Investigation Reveals Google Executives Dodged Taxes On Planes Based At Moffett Field In Sweetheart Deal

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SANTA MONICA, CA — Google’s top executives avoided paying millions of dollars in local property taxes on their fleet of aircraft based at NASA’s Moffett Field, as well as bought government fuel substantially below market price, a new investigative report shows.  Consumer Watchdog today said the U.S. Attorney should investigate.

Consumer Watchdog raised questions in 2011 about the sweetheart deal with the National Aeronautics and Space Administration that allows the Google executives’ aircraft to be based at Moffett Field because they perform science missions for NASA. A new report Monday night by NBC Bay Area’s investigative reporters Stephen Stock, Kevin Nious and Jeremy Carroll revealed new details of how the Google executives benefitted: They got access to the airfield, which is not generally open to private aircraft, bought fuel substantially below market prices and avoided paying millions in property taxes.

“These Google billionaires are gallivanting around the world on the taxpayers’ dime and dodging local taxes,” said John M. Simpson, Consumer Watchdog’s Privacy Project director.  “It’s beyond outrageous.  The U.S. Attorney needs to investigate to see if laws were broken and hold those responsible accountable.”

H211, a company owned by Google CEO Larry Page, Google Executive Chairman Eric Schmidt and Google Co-Founder Sergey Brin, has seven aircraft including a Boeing 767, a Boeing 757, four Gulfstream Vs and two helicopters at Moffett Field at NASA’s Ames Research Center.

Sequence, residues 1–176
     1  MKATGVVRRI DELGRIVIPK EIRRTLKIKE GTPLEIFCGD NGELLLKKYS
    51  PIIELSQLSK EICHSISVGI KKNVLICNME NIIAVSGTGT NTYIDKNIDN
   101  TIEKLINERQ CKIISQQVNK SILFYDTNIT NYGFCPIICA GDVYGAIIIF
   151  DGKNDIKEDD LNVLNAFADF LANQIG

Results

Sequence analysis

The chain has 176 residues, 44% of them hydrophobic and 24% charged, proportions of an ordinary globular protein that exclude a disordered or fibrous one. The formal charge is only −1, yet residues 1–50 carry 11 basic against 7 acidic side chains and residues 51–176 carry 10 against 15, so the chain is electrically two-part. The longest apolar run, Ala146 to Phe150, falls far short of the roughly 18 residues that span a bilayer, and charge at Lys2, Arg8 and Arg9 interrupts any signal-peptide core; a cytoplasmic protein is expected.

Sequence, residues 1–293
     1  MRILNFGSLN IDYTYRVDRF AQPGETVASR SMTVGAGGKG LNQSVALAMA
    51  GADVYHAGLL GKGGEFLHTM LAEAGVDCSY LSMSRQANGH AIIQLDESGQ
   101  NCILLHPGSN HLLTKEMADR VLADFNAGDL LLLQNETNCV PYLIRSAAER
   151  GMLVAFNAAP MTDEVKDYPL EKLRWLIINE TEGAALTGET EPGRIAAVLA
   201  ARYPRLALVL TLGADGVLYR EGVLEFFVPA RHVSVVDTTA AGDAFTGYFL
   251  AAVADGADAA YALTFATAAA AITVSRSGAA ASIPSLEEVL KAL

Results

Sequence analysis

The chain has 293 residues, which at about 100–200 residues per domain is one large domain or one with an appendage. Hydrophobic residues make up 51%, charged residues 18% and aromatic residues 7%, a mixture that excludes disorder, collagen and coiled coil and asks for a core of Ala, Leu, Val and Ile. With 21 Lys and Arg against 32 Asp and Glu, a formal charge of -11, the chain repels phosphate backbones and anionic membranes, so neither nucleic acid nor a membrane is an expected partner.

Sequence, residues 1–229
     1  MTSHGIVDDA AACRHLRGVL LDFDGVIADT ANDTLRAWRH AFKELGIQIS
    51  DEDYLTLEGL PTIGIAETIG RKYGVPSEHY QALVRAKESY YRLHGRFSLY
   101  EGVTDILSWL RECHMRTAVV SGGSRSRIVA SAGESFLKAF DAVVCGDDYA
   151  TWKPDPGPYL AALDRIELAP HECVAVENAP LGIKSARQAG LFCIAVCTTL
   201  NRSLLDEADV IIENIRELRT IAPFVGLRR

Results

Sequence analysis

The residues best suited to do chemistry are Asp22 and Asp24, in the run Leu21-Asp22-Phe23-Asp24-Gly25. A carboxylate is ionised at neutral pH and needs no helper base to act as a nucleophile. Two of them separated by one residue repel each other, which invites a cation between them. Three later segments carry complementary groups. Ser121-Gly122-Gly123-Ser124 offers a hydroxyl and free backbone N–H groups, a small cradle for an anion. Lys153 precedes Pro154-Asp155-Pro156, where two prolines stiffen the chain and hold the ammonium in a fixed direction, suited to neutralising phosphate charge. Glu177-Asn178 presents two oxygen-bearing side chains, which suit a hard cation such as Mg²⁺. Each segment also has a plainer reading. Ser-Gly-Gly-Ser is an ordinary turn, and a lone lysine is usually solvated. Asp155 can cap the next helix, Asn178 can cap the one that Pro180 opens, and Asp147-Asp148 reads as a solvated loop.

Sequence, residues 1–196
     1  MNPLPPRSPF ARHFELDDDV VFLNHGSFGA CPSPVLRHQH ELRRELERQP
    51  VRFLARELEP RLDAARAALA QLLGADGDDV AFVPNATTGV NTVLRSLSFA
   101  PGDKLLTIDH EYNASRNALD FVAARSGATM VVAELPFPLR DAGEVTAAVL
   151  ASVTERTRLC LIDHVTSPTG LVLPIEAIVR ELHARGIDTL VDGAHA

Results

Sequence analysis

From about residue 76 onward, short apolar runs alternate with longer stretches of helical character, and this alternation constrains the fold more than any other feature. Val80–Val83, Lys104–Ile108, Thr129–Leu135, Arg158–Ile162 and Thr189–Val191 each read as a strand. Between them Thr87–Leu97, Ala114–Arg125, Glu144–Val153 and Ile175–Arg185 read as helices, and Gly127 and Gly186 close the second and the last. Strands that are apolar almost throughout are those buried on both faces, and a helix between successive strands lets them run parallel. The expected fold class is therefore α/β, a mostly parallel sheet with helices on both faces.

NASA’s Inspector General is auditing the deal and as of Aug. 31, the Department of Defense stopped selling jet fuel to the Google executives’ planes.

“NASA can’t be trusted to investigate itself,” said Simpson. “That’s why the U.S. Attorney must open an independent investigation.”

See the NBC report here:

See Consumer Watchdog’s report, “Lost in the Cloud: Google and the U.S. Government,” here:

Here are some details from the NBC investigative report:

— Because the Google executives’ planes are kept on a federal facility they cannot be assessed for Santa Clara County property taxes.  Assessor Lawrence Stone estimates taxes could amount up to $400,000 or $500,000 per plane a year.

— Only 155 out of more than 1,039 flights were actually used for science.

— Fuel records examined by NBC show the planes used below-market-rate fuel to fly to exotic places around the world, such as Paris, London, Cancun, Scotland, Puerto Vallarta, St. John, Hawaii, Liberia and Tahiti.

— Nearly $8 million worth of jet fuel that sold for as little as $1.68 a gallon was put into a fleet of seven different airplanes and two helicopters. The same jet fuel sells for two to four-and-a-half times that amount, up to $8.05 a gallon, at fixed-base operators at nearby airports in the Bay Area.

— Last summer Rep. Anna Eshoo told NBC: “People in the community that care the most about what happens at the airfield have signed off on this. Why? Because they are a partner with NASA in terms of scientific research. I think this is something that is celebrated in my congressional district. This is not a favor in any way shape or form.”

She declined to go on camera for Monday’s NBC report, but her staff says she now supports the ongoing audit by NASA’s Inspector General’s and that, “If it’s found that the federal government was short-changed, H211 should make good on the difference.”

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John M. Simpson
John M. Simpson
John M. Simpson is an American consumer rights advocate and former journalist. Since 2005, he has worked for Consumer Watchdog, a nonpartisan nonprofit public interest group, as the lead researcher on Inside Google, the group's effort to educate the public about Google's dominance over the internet and the need for greater online privacy.

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